No matter how much life experience we have or how hard we’ve worked to get to know ourselves, we all have room for personal development and growth. However, even if you’re interested in self-improvement, you might wonder where to start or how to proceed in an organized way.
These six tips for designing a personal development plan will help you get a clearer sense of what you want to achieve, as well as how to achieve it.
There might be a few things that immediately come to mind when you think about self-improvement. However, a good brainstorming session will help you come up with other ideas. And it can assist you in seeing previously unnoticed connections between different aspects of your personality. Using a mind map can be helpful here…
For example, you might put several key themes close to the center of a piece of paper (such as “physical”, “intellectual”, “creative”, and “emotional”), and then create branches coming from each of these themes.
So, you might identify that there’s room for emotional growth in areas of positive thinking and confidence. Whilst you might write “take up a new instrument” and “make time for reading” in the corner devoted to creativity.
This mind-mapping process can give you a much clearer sense of what’s important. It can also provide some extra perspective on your overall way of being.
Working out a personal development plan isn’t just about focusing on your difficulties, things you’ve been ignoring, or what you perceive to be your weaknesses. Perform an inventory of your skills, then pick out some things you’d say you’re at least “quite good” at.
These are all talents that can be honed and improved, increasing your self-esteem and helping you to achieve greater levels of fulfillment.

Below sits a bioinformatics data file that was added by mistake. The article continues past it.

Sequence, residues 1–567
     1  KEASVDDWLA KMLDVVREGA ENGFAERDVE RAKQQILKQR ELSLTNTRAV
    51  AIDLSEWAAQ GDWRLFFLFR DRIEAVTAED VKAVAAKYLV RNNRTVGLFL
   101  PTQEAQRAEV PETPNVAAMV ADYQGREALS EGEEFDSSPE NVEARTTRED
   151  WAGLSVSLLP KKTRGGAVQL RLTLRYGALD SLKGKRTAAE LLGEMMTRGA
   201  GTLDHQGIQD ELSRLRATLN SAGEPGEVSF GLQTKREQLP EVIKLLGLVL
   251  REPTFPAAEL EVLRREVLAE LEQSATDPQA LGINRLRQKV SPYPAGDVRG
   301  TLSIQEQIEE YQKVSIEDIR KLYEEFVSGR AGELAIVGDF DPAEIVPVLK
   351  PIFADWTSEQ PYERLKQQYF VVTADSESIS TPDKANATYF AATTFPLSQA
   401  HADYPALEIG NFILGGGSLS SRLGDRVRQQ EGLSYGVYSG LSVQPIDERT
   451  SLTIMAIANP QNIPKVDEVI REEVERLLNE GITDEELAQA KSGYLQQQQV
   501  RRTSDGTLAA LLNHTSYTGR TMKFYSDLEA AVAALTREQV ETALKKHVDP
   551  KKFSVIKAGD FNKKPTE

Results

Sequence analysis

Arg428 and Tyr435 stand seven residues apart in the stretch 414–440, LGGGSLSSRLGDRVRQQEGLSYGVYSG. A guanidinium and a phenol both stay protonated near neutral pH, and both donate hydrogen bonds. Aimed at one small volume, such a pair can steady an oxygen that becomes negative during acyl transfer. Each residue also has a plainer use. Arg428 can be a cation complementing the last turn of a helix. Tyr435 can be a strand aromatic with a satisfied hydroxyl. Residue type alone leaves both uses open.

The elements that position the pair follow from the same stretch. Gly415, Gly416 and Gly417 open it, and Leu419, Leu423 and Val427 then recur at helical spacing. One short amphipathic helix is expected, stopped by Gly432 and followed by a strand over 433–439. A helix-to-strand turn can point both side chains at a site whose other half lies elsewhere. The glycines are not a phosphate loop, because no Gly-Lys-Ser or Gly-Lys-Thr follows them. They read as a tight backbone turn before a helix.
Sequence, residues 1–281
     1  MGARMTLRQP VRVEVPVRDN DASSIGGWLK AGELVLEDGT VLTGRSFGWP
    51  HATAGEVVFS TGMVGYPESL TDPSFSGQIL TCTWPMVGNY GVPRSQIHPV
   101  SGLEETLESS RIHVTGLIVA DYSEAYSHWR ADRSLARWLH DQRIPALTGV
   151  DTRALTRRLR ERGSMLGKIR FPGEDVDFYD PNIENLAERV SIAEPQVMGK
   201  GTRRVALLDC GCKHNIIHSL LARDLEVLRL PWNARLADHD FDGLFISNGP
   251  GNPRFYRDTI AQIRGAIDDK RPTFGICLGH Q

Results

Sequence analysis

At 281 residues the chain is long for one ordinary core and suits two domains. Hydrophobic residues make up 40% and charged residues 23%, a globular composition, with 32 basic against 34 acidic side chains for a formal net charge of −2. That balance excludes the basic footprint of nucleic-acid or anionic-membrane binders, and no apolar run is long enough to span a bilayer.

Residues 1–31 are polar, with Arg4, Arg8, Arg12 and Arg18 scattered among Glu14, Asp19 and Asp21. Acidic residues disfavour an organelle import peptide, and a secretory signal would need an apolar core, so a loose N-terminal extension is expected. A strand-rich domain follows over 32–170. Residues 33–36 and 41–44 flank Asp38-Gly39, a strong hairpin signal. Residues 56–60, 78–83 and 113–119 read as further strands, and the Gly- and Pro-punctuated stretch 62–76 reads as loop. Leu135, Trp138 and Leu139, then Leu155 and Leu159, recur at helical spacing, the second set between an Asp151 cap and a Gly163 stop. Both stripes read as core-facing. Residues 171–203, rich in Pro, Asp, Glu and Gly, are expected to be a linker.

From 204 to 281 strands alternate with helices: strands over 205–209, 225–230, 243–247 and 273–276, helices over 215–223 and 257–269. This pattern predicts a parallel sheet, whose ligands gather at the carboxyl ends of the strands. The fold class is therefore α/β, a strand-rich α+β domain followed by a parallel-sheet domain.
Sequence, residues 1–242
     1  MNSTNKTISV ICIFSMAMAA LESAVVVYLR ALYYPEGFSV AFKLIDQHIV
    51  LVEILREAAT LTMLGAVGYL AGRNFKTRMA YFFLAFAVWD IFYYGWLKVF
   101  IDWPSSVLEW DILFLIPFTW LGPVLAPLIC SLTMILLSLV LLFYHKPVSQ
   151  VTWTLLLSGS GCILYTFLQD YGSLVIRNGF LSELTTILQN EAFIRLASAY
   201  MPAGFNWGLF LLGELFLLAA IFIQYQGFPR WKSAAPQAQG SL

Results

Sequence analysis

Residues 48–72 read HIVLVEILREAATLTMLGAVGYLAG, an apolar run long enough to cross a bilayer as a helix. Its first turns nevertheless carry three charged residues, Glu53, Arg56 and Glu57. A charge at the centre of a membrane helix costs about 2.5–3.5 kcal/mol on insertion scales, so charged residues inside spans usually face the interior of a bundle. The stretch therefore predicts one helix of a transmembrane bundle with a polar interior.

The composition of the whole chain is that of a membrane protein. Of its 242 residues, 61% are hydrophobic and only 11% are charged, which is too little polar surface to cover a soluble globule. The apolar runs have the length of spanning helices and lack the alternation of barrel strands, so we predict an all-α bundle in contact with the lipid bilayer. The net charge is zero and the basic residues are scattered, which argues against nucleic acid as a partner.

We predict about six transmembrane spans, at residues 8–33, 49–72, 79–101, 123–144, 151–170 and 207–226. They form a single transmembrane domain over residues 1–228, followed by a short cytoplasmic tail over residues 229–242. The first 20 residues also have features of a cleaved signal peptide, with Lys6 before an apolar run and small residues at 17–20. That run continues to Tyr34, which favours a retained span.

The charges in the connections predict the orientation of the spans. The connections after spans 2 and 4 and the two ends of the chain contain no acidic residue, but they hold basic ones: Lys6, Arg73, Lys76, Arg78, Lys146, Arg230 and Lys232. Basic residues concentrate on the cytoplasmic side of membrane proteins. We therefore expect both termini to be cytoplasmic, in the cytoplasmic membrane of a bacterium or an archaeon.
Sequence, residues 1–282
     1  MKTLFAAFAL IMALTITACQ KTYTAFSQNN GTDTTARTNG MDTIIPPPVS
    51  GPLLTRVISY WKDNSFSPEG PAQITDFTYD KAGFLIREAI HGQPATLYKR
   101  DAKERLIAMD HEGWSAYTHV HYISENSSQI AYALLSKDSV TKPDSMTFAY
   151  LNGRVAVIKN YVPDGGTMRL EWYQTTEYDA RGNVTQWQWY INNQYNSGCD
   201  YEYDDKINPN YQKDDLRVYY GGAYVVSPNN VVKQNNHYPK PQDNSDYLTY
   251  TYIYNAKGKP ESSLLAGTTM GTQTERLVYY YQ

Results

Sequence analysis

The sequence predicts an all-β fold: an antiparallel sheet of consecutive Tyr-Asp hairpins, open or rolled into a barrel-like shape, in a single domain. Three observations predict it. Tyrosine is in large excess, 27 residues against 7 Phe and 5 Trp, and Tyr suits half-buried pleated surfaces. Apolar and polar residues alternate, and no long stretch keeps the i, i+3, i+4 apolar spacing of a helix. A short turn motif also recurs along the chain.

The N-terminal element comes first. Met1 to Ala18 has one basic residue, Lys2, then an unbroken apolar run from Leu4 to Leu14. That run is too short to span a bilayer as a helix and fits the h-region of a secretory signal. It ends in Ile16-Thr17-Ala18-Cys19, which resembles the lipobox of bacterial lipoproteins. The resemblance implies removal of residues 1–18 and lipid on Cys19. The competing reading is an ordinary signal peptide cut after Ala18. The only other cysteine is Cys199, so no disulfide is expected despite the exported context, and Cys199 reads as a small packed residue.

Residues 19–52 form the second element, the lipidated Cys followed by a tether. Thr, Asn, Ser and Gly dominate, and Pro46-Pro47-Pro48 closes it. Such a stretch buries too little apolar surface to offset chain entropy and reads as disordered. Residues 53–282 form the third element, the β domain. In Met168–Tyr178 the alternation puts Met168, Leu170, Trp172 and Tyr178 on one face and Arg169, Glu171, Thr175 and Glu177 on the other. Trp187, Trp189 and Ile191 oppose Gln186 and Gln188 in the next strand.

If you’ve been working with the Law of Attraction, you’re probably already familiar with how important specificity can be.
When you’re setting any goals, whether as part of a personal development plan or something else, it’s smart to experiment with the wording until you find a maximally accurate version of your aim.
So, if one area of your proposed self-improvement involves becoming more confident, try to quantify this.
For example, you might decide you want to give two presentations within the next six months. Or, reduce your levels of social anxiety in larger groups, and work to appreciate your physical appearance.
(Need help reducing the stress and confusion? This can be a lot to take in… I've compiled some of my best visualization exercises into a free tool kit to help!
Personal development is a lifelong project, so don’t feel that you immediately need to tackle every single area you’ve identified.
Instead, take a look at the potential aims you’ve uncovered, and choose some to focus on for the next few months or years. You can do this, depending on the scope of your self-improvement goals.
Imagine what might happen if you choose to commit to learning a new language, becoming more outgoing, developing a more positive mindset, treating your body more kindly, and nurturing your old talent for the trombone—it’s likely that one or more of these goals will fall by the wayside, or that you’ll pursue all of your aims at a very superficial level.
Isolate the most important areas for growth—the ones that will help you develop the kind of life you really want—and hone in on those.
For every item on your personal development agenda, you’ll be far more likely to see real results if you develop a clear plan for achieving your aims.
Try to write out several steps you’ll need to take (think of them as “mini-goals” on the road to your greater goal), and pursue them in a systemic way.
To return to the confidence example again, you might start out by interacting with a new person every few days. You can then work up to voicing your opinion in big groups. Then, eventually, move on to trying public speaking (or some other sort of public performance).
However, some personal growth goals don’t have this naturally linear structure. For those types of self-development (such as cultivating a more positive mindset), you might find it more useful to itemize 5-10 activities you can regularly undertake in the service of your goal.
No matter what your personal development plan turns out to be, it’s important to keep track of your progress. It's also important to think about how you feel about your goal. Writing in a personal development journal will help you identify and overcome blocks and limiting beliefs that might be holding you back.
If you encounter serious difficulties or overwhelming feelings as you work to grow as a person, engaging in therapy can be a valuable way to learn more about yourself and work towards being the person you want to become.